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Six Steps To Optimizing Fraud Management During Peak Trading

 Six Steps To Optimizing Fraud Management During Peak Trading

A well planned and thought out fraud management strategy can increase revenue by more than 20 percent, so with the holiday shopping season – including traditional peak days Black Friday and Cyber Monday – we encourage merchants to consider the following practical steps in order to maximize their success.


1. Review and prepare systems

Deploy automated risk strategies, as this can help reduce manual review rates and lower call center operational expenses, reducing demand on internal resources. Also, utilize early warning indicators – access to early warning indicators, such as acquirer reported fraud, will help merchants to reduce exposure and mitigate losses as quickly as possible if under attack.

2. Identify weak points

Understand pitfalls from previous peak trading days and tailor strategies to ensure history does not repeat. For example, if delivery fraud was previously a problem, identify the postcodes which need higher review rates and re-focus reviews and resources from those areas which pose less risk. Also consider anything that’s changed since the last peak trading period. What changes have been made to product lines, sales channels, available payment methods and delivery options? Are these new initiatives protected with specific and tailored fraud rules and strategies?

3. Consider the customer experience and reduce friction for genuine customers

Customers shop across a variety of channels and touch points, so it is important to recognise and enable loyal customers, regardless of the device or sales channel they are using. Use customer profiling and time on file techniques to maintain the customer experience for valued customers and ensure good transactions are still accepted, while still being vigilant against popular methods of attack such at account takeover.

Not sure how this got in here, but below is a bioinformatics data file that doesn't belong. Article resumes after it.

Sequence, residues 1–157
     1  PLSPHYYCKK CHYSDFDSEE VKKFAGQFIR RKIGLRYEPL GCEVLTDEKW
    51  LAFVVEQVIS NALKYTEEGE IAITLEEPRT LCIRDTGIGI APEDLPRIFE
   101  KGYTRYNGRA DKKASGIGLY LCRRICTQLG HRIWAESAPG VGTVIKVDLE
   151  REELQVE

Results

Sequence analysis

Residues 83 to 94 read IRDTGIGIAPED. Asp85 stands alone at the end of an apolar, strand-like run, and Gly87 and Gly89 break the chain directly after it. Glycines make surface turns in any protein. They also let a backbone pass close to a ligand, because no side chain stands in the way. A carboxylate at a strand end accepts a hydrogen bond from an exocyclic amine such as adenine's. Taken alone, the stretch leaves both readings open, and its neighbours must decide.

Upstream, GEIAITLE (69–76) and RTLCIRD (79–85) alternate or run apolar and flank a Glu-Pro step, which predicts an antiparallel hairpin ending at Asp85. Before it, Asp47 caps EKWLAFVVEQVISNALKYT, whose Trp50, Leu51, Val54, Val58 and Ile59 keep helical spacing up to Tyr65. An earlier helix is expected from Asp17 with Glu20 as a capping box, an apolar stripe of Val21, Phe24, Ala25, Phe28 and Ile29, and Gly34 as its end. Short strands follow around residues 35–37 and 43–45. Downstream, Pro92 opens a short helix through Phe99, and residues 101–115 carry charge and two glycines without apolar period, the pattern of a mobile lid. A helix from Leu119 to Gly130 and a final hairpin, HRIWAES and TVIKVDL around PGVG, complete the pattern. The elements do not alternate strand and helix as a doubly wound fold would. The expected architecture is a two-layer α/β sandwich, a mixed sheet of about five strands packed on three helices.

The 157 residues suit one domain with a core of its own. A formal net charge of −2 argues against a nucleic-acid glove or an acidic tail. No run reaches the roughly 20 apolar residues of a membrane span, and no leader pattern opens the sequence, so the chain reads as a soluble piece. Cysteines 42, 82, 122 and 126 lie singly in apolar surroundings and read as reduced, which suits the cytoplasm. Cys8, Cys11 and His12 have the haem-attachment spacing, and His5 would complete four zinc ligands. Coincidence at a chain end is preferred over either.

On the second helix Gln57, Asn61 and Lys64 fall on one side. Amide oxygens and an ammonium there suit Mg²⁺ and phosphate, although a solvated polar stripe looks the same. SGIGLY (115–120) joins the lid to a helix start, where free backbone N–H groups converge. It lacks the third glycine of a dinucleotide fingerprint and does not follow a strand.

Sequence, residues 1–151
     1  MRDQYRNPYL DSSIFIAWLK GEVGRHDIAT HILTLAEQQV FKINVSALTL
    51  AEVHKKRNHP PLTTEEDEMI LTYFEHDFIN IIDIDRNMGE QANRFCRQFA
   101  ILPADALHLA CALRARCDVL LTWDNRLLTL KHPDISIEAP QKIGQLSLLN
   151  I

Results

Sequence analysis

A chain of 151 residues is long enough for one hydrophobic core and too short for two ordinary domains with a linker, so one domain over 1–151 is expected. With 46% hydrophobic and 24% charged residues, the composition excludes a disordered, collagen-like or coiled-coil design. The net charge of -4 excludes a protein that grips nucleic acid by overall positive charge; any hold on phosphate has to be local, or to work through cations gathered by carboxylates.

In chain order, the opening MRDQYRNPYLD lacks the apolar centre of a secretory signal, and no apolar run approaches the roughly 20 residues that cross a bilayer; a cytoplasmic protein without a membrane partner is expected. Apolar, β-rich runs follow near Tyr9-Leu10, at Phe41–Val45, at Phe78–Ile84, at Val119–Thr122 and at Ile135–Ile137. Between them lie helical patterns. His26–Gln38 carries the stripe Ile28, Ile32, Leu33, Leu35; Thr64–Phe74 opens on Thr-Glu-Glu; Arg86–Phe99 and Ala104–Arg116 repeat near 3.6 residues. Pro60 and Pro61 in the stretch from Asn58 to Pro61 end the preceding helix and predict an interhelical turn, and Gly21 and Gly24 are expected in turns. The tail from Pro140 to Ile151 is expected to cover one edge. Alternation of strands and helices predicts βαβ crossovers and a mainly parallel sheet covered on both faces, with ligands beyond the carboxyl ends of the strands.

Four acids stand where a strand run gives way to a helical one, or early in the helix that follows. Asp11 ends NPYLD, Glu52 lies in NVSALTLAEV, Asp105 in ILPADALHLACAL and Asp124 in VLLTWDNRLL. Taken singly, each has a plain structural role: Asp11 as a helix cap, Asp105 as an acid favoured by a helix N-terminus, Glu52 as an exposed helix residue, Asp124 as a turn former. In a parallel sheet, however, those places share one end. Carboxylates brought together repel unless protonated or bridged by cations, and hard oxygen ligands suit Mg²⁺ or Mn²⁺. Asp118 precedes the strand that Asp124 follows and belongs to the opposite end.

4. Understand trends and learn from manual reviews

Analyze and monitor fraudulent hot spots and trends. Understand which cards, IP and email addresses pose the biggest threat, and ensure they are factored them into rules and alert triggers. Good security requires that people, technology and processes work together in applying security, as fraudsters will exploit any weakness.

We recommend that merchants retain one individual to look holistically at data and trends including decisions, individual performances, rules, volumes and KPIs (Key Performance Indicators). Manual (authentication and verification of cardholders) reviews are still important and every review adds to the wealth of fraud intelligence that can be used to inform decision-making. It is also important to be aware of other parts of the payment process that can trigger declines – 3D Secure, AVS/CV2 responses and bank declines, which can trigger multiple attempts from customers.

5. Cross-functional communication business

Working closely with IT, finance, customer services and marketing can help build a picture of what happened previously, and inform decisions going forward. In particular, understand key campaigns and promotions. Is the marketing team planning anything that could inadvertently provide opportunities for fraudsters? Gather information and raise concerns and potential problems. Offer solutions informed by fraud monitoring processes, analytics and reporting.

6. Continue to monitor and update

Use business intelligence tools and real-time monitoring to help make up-to-the-minute decisions and provide faster responses. Use rapid access to fraud intelligence to inform rules changes in real-time.

 

By working with experienced risk analysts to review and refine fraud strategy, and discuss fraud rulesets, merchants will be in the best possible position to deliver a seamless, secure and satisfying shopping experience to customers during peak trading, with minimal business interruption.